Employee Benefit Views

Is your 401(k) loan program state-of-the-art?

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Posted August 13, 2013 by Robert C. Lawton at 11:38AM. Comments (6)

Do you have a 401(k) loan program? What trends have you seen? Share your thoughts in the comments. —Andrea Davis, Managing Editor

A significant component of retirement readiness is protecting participants from themselves. Many recent studies have shown that major obstacles to employee attainment of retirement readiness include the loss of account balances due to loan defaults and hardship withdrawals. This account leakage can be reduced by a well-managed participant loan program. A state-of-the-art loan program has the following characteristics:

Loans are limited to safe harbor hardship withdrawal criteria

Plan loans are horrible investments. The cost is high (due to double taxation), interest payments are not deductible and penalties may apply if the loan is defaulted. Rather than allowing employees to borrow to buy a boat, snowmobile or deluxe vacation, many employers have chosen to limit participant loans to hardship withdrawal criteria. This allows employers to qualify (and essentially limit) plan loans using well-accepted legal criteria. Valid hardship withdrawal requests are for funds to: prevent eviction or foreclosure; pay medical or funeral expenses; purchase or repair a primary residence; and pay educational tuition.

Participants are allowed to take only one loan at a time

Participants who take more than one loan have been found to default more often on their loans. Defaults can occur when a participant moves on to another job or loses a job and is unable to continue making loan payments. Some participants also take as many loans as possible if it appears that they may be facing a layoff or moving on to a different employer, as a way of advancing a distribution from the plan.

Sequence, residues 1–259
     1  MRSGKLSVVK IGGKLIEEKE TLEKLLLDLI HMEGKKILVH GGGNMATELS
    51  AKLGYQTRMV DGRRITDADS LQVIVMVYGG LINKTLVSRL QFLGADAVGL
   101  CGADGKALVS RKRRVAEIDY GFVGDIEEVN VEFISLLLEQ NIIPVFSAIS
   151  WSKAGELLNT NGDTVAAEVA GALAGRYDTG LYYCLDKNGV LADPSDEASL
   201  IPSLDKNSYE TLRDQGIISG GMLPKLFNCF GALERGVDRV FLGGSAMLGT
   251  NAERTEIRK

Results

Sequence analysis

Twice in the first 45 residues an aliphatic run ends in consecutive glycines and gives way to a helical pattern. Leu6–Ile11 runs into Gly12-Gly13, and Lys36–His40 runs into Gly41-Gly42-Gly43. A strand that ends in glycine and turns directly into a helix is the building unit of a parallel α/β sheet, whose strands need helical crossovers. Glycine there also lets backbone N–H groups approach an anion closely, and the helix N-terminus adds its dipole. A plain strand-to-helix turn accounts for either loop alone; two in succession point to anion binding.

Referral to the company EAP is mandatory for all loan applicants

If safe harbor hardship withdrawal criteria are used to determine loan eligibility, it only makes sense to refer potential borrowers to the employee assistance program for financial counseling. Keep in mind that the retirement plan may be the lender of last resort for these employees, many of whom aren't able to qualify for a loan from a financial institution. Requiring financial counseling before the loan is made may help the employee avoid a hardship withdrawal, where the funds permanently leave the retirement plan.

Tighter participant loan programs are becoming commonplace at companies committed to retirement readiness. Plan sponsors who have successfully migrated to more stringent loan programs have done so as a result of effective participant education sessions, which outline the retirement readiness concept in detail.

Robert C. Lawton is president of Lawton Retirement Plan Consultants, LLC, a Registered Investment Advisory firm helping retirement plan sponsors with their investment, fiduciary, employee education and compliance responsibilities. He can be reached at bob@lawtonrpc.com or 414.828.4015.

6 Comments

Posted by: Helen P | January 3, 2014 11:49 PM

In spite of 401(k) loans making good financial sense in theory, the quantity of 401(k) loan defaults is still higher than normal. A number of people have trouble paying them back once they take from their retirement funds. Take a peek at personalmoneynetwork.com

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Posted by: Jack T | August 19, 2013 7:44 AM